artist and dedicate his life to these endlessly interesting topics.

When asked about this decision in 2011, 6 months before his passing, he
said "It's such a major concern it's hard to answer. Art is all I really
wanted to do. I never wanted a real job anyway — and still don't."

The human figure has been central to Wood's artwork for many years. From
paint to watercolor to marker, Wood was always interested in drawing
from the model and has, it seems, thousands upon thousands of 8
1/2-inch-by-11-inch drawings in his collection. They are "more than just
studies to me," Wood said.

In one work, done in the 1980s, Wood used markers to boldly hash out two
figures that are both glaring and keen. The figure on the left peers at
you over a full hand of cards while the figure on the right is cutting
off his own head with a handsaw.

In the 1990s, Wood found a new art-making medium — the Xerox machine. In
the old days of the 1990s, Xerox machines printed in black and one other
color. That color varied depending on the machine. The Riddle, the sole
piece in the show that was made using this method, was printed on up to
15 times.

With the Xerox machine Wood used the same process an artist would use to
make a traditional print. "The artwork is built up one layer, one image,
one color at a time," he said.

Since each machine had only one color, Wood traveled from machine to
machine searching for new colors to print over his work. Oftentimes he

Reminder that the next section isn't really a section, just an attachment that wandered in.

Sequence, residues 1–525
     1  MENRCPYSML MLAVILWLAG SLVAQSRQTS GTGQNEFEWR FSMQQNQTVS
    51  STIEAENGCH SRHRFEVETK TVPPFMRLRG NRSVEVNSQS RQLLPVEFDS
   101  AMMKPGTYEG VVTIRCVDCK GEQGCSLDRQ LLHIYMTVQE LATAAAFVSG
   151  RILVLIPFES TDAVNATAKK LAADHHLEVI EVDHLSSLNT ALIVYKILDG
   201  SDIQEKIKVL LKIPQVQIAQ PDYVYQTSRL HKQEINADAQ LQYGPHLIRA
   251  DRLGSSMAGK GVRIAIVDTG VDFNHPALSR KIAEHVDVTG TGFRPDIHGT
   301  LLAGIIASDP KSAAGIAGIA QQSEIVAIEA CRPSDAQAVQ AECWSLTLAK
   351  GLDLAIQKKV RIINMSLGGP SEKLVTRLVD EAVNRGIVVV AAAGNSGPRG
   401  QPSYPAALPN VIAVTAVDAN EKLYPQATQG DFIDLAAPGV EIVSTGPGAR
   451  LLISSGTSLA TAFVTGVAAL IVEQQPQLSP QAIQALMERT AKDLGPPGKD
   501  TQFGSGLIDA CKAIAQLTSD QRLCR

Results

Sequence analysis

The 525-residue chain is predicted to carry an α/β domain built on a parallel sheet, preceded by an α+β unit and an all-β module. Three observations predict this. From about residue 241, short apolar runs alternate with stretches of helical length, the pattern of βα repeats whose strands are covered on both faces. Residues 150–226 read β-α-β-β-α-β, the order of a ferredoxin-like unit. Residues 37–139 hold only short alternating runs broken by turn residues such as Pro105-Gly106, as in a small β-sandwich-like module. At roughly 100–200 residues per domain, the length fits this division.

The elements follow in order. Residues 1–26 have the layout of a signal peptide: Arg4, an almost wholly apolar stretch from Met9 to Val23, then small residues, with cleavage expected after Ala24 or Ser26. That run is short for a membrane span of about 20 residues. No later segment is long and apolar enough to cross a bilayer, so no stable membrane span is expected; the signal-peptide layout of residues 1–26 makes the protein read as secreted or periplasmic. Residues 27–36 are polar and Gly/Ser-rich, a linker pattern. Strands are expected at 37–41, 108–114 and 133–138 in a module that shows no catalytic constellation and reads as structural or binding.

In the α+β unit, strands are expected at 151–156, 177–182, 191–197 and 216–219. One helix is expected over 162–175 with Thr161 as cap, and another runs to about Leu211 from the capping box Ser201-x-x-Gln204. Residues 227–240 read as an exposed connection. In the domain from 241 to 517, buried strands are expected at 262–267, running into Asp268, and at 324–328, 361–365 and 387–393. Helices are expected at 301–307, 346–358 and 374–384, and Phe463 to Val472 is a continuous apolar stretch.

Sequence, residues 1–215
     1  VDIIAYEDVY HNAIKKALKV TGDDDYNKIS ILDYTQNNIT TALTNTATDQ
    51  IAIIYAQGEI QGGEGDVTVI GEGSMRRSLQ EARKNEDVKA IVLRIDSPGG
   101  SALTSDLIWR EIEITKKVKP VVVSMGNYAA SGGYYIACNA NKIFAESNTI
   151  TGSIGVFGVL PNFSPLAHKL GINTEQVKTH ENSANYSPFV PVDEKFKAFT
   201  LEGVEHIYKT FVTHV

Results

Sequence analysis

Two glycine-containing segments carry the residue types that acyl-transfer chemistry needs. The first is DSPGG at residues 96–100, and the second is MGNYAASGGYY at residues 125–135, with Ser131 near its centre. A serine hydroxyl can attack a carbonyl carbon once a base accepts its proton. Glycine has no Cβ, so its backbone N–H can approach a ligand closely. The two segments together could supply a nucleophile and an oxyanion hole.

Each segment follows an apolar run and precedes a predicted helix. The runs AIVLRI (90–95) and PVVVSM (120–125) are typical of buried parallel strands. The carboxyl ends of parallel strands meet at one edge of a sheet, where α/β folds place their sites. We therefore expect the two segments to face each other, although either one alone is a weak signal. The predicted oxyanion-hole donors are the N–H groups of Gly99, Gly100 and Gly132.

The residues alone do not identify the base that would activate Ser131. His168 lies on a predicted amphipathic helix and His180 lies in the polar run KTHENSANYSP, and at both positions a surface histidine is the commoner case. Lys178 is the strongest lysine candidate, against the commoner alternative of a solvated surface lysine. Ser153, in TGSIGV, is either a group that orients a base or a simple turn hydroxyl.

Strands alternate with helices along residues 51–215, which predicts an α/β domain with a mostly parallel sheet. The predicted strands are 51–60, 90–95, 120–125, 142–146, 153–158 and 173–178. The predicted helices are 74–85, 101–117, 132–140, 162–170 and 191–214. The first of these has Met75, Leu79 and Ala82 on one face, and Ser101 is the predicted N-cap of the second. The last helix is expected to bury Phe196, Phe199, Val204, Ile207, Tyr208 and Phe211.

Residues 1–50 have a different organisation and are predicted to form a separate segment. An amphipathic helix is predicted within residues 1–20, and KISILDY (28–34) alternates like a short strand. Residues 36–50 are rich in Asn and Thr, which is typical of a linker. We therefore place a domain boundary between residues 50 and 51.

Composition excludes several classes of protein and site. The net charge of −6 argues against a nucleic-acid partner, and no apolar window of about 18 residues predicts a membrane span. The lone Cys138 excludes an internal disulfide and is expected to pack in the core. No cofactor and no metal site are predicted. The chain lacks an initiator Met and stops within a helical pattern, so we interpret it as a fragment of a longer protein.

found himself meandering back and forth between Kinko's (now ) and to
slowly build these pieces.

Wood was also interested in how these machines could corrupt his images.
Sometimes a machine would be "out of order" and Wood just took the sign
off to see what kind of partial, striated or faint image he would get.

The prints made this way are now limited edition because that type of
machine is no longer carried by either copy place.

Wood then began to use computer files to experiment with image
corruption. These large computer prints are sometimes striated and look
like some sort of file error. The original image is still visible, but
through a type of screwed-up technological lens.

Other times the computer prints are a collage of symbols and images that
are layered upon each other, transparent, fleeting and seemingly chaotic.

Not wanting to give away all of his secrets, Wood divulged that the way
he creates these works is dependent upon the file extension. Exactly
what he did or which programs he used, however, will remain a mystery.

Wood approached technology, which many see as a pinnacle of our modern
life, like a child with fingerpaints: smearing codes, disorganizing
visual order, and compressing data to discover new ways to communicate.

The exhibit will be up through March 27, 2019.

LINKS TO ARTICLES:

OBITUARY LINK:
http://patch.com/ohio/kent/kent-bids-farewell-to-tragic-hero-who-overcame-labels

https://ksuasne.org/2013/07/30/soul-splitter-the-artist-robert-e-wood/